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Emerging-Market Bonds: Still a Good Bet?

Emerging-market countries are taking advantage of record-low interest rates by issuing more bonds — and investors are gobbling them up. But are they already too late to the game?

Developing countries sold $11.3 billion in bonds in the first two weeks of the year, more than double the emerging-market bonds issued in all of January in 2011, the Wall Street Journal reported today. But with yields on many of these bonds hitting new lows, some investing pros are questioning whether investors are getting compensated enough for taking the extra risk. In the Philippines, for example, yields on 25-year bonds hit a record-low 5% last week. Indonesia sold 30-year bonds at a record low of 5.375%. “The premium you used to get in those bonds isn’t as much anymore,” says David Falkof, mutual fund analyst for Morningstar.

As emerging-market bonds have become more mainstream — they drew in $12.5 billion in 2011, five times the amount in 2009 — many regular investors and advisers are viewing them as less risky, says Falkof. Some investors even view emerging-market bonds as safer bets when compared to bonds issued by developed countries, experts say, arguing that emerging-market countries carry less debt and have stronger economic growth than other regions like the U.S. and Europe.

Other advisers, however, point out that the bonds still carry plenty of risks. Growth in many of these countries, such as China, is slowing, says David Moore, chief investment officer at Gibraltar Private Bank & Trust, a wealth management firm in Coral Gables, Fla. And the bonds that offer more attractive yields — such as emerging-market corporate bonds or those issued by frontier countries like Qatar and Lebanon — are often less liquid and come with more credit risk, says Falkof.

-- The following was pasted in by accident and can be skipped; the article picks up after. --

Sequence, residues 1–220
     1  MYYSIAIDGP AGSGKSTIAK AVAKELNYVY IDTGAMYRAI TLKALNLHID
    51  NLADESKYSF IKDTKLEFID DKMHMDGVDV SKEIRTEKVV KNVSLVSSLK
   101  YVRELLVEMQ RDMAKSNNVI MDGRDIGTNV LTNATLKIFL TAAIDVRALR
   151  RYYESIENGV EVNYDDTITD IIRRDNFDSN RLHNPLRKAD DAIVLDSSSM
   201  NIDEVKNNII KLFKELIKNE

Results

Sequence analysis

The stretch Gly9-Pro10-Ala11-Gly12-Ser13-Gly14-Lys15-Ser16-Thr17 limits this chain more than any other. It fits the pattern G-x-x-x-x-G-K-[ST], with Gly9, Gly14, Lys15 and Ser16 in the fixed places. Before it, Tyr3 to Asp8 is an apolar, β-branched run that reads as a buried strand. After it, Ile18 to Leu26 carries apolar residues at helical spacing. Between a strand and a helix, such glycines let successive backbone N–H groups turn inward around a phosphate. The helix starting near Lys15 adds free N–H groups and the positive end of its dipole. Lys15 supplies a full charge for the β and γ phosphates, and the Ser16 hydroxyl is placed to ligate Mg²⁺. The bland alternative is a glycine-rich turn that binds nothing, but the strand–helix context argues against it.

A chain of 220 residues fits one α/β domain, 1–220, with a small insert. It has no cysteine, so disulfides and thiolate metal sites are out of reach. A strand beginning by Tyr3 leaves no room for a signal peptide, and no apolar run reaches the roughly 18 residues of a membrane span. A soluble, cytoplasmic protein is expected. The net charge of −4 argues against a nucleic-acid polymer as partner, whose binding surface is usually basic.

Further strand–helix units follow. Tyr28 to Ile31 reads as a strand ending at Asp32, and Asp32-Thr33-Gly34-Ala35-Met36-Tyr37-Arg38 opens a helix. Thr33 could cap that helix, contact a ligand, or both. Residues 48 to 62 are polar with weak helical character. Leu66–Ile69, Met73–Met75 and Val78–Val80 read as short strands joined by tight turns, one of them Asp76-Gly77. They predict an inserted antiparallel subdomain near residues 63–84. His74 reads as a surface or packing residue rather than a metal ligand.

To be sure, some investors prefer the lower-yielding emerging-market bonds to Treasury bonds, which saw 10-year bonds auction below 2% for the first time ever this week. And investors could still get compensated in the long run; after all, each drop in bond yields is accompanied by an increase in bond prices, which benefits current investors, says Moore.

Before piling in, investors should be sure be aware of the risks, says Falkof. Emerging-market bonds issued in local currencies can help investors diversify away from the dollar, but the bonds can lose value in dollar terms if the greenback strengthens. In 2011, local currency emerging-market bond funds lost 3%, while those denominated in the dollar, euro and the yen gained 5%, according to Morningstar. Overall, the funds gained 2.6% over the last year.


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    • Ever since 1999
      Equally Invested

      You want to have More? Just have to SAVE MORE, not Gamble More.

    • Well, Looks like the same o, same o.. Don’t go sticking your neck out and commit either way..
      1. Everyone is chasing Performance and Chasing Ylds
      2. So what does that tell you?
      3. The fed is apparently being “influenced” by Wall Street and the Real Estate Industry NOT to raise Rates, expeically Not before His Boss, Pres. Obama and The Dems. , Gets ReElected
      4. While Savers can’t get a break and get a Decent 5% on their CD’s and are being pushed really hard to put their $ into Wall Street..
      5. So they can steal the rest of what they couldn’t get in 08′ and early 09′.

      But Lo and Behold? Notice how American Domestic Bonds did so Well Last yr? Gee, I wonder why?

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